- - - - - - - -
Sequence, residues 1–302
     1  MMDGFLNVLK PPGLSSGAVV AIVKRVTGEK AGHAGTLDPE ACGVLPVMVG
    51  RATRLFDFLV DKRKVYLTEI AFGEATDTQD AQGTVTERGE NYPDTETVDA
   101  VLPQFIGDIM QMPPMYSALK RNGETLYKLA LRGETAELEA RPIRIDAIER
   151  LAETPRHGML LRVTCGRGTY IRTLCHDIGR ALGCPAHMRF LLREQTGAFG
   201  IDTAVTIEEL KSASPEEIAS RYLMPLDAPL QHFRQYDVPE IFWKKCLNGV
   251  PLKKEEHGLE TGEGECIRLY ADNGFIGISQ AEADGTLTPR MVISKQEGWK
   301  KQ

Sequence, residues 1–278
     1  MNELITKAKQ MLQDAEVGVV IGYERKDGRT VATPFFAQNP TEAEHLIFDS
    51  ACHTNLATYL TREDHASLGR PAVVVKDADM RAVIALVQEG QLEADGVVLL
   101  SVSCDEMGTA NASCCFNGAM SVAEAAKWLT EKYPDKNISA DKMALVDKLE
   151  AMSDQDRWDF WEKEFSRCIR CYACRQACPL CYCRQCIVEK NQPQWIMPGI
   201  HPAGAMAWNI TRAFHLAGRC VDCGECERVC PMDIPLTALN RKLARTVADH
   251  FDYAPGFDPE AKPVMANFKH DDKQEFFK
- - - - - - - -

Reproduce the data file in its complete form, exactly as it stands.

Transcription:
Sequence, residues 1–302
     1  MMDGFLNVLK PPGLSSGAVV AIVKRVTGEK AGHAGTLDPE ACGVLPVMVG
    51  RATRLFDFLV DKRKVYLTEI AFGEATDTQD AQGTVTERGE NYPDTETVDA
   101  VLPQFIGDIM QMPPMYSALK RNGETLYKLA LRGETAELEA RPIRIDAIER
   151  LAETPRHGML LRVTCGRGTY IRTLCHDIGR ALGCPAHMRF LLREQTGAFG
   201  IDTAVTIEEL KSASPEEIAS RYLMPLDAPL QHFRQYDVPE IFWKKCLNGV
   251  PLKKEEHGLE TGEGECIRLY ADNGFIGISQ AEADGTLTPR MVISKQEGWK
   301  KQ

Sequence, residues 1–278
     1  MNELITKAKQ MLQDAEVGVV IGYERKDGRT VATPFFAQNP TEAEHLIFDS
    51  ACHTNLATYL TREDHASLGR PAVVVKDADM RAVIALVQEG QLEADGVVLL
   101  SVSCDEMGTA NASCCFNGAM SVAEAAKWLT EKYPDKNISA DKMALVDKLE
   151  AMSDQDRWDF WEKEFSRCIR CYACRQACPL CYCRQCIVEK NQPQWIMPGI
   201  HPAGAMAWNI TRAFHLAGRC VDCGECERVC PMDIPLTALN RKLARTVADH
   251  FDYAPGFDPE AKPVMANFKH DDKQEFFK